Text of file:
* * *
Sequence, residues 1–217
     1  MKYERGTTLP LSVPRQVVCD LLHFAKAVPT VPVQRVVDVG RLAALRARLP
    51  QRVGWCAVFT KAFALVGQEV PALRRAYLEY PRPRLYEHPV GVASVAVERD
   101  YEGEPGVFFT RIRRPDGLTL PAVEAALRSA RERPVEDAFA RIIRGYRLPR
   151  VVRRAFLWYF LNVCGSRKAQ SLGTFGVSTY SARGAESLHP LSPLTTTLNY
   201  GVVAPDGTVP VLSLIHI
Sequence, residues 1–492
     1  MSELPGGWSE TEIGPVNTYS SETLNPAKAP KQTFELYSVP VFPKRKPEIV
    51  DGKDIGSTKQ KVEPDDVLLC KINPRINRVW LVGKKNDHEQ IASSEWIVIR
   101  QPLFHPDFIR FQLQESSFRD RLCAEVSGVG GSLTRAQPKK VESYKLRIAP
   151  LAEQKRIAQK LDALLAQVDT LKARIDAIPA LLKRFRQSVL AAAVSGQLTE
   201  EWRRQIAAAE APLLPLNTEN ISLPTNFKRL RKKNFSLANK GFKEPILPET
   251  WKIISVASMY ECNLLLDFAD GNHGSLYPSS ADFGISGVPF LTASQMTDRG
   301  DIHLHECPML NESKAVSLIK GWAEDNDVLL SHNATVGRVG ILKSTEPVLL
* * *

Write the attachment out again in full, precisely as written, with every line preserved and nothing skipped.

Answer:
Sequence, residues 1–217
     1  MKYERGTTLP LSVPRQVVCD LLHFAKAVPT VPVQRVVDVG RLAALRARLP
    51  QRVGWCAVFT KAFALVGQEV PALRRAYLEY PRPRLYEHPV GVASVAVERD
   101  YEGEPGVFFT RIRRPDGLTL PAVEAALRSA RERPVEDAFA RIIRGYRLPR
   151  VVRRAFLWYF LNVCGSRKAQ SLGTFGVSTY SARGAESLHP LSPLTTTLNY
   201  GVVAPDGTVP VLSLIHI
Sequence, residues 1–492
     1  MSELPGGWSE TEIGPVNTYS SETLNPAKAP KQTFELYSVP VFPKRKPEIV
    51  DGKDIGSTKQ KVEPDDVLLC KINPRINRVW LVGKKNDHEQ IASSEWIVIR
   101  QPLFHPDFIR FQLQESSFRD RLCAEVSGVG GSLTRAQPKK VESYKLRIAP
   151  LAEQKRIAQK LDALLAQVDT LKARIDAIPA LLKRFRQSVL AAAVSGQLTE
   201  EWRRQIAAAE APLLPLNTEN ISLPTNFKRL RKKNFSLANK GFKEPILPET
   251  WKIISVASMY ECNLLLDFAD GNHGSLYPSS ADFGISGVPF LTASQMTDRG
   301  DIHLHECPML NESKAVSLIK GWAEDNDVLL SHNATVGRVG ILKSTEPVLL